Global Warming's High Carbon Dioxide Levels May Exacerbate
Ragweed Allergies By Don
August 15, 2000
WASHINGTON, Aug. 15--The U.S. Department of Agriculture released
research results today indicating higher carbon dioxide (CO2) levels associated
with global warming may have doubled the amount of pollen that ragweed
produces--mostly over the past four or five decades. Another doubling could
occur by the end of this century.
"This research may help us better understand the troubling impact
of high carbon dioxide levels on our environment and our health," said
Agriculture Secretary Dan Glickman.
In scientific studies, pollen production rose almost 400% with a
200% increase in the amount of CO2. Findings show that high CO2 levels have
increased the potential production of ragweed pollen and may produce pollen
earlier. The ragweed pollen season is now underway.
Lewis H. Ziska, a plant physiologist with USDA's
Agricultural Research Service, did the
pollen counts on ragweed grown in indoor chambers at various levels of
atmospheric CO2, from about the turn-of-the-century levels of 280 parts per
million (ppm) to today's levels of 370 ppm to future predicted levels of 600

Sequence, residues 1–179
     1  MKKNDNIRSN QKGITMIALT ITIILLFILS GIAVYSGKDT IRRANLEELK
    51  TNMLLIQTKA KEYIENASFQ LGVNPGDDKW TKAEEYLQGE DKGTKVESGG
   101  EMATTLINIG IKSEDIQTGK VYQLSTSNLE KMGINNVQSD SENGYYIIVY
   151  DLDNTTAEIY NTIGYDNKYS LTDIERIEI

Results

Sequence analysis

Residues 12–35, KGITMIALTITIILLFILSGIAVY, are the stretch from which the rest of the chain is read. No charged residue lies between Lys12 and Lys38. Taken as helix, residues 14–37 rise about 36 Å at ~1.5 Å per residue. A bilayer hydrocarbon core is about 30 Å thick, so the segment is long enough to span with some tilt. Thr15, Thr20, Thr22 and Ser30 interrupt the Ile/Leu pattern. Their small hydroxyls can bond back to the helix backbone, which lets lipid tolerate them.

ppm. Pollen production went from 5.5 grams to 10 grams to 20 grams as CO2 moved
through these three levels.
This past spring, Ziska moved the experiments outside, growing
ragweed at three locations in the Baltimore, Md., area chosen for their range
in temperatures: Baltimore, typical of urban areas thought to be both heat
islands and zones of high CO2 concentrations; a suburb; and a rural area.
Ziska, conducting his research in collaboration with
Johns Hopkins University School of Public
Health, Towson University and
Multidata Corporation, says this
ongoing experiment should show how global warming and higher CO2 levels might
already be increasing ragweed pollen counts, especially in cities. Although
less ragweed grows in cities, exposure to air pollutants such as ground-level
ozone can make people more sensitive to ragweed pollen.
Scientific contact: Lewis H. Ziska, ARS
Laboratory, Beltsville, Md., phone (301) 504-6639, fax (301) 504-6626,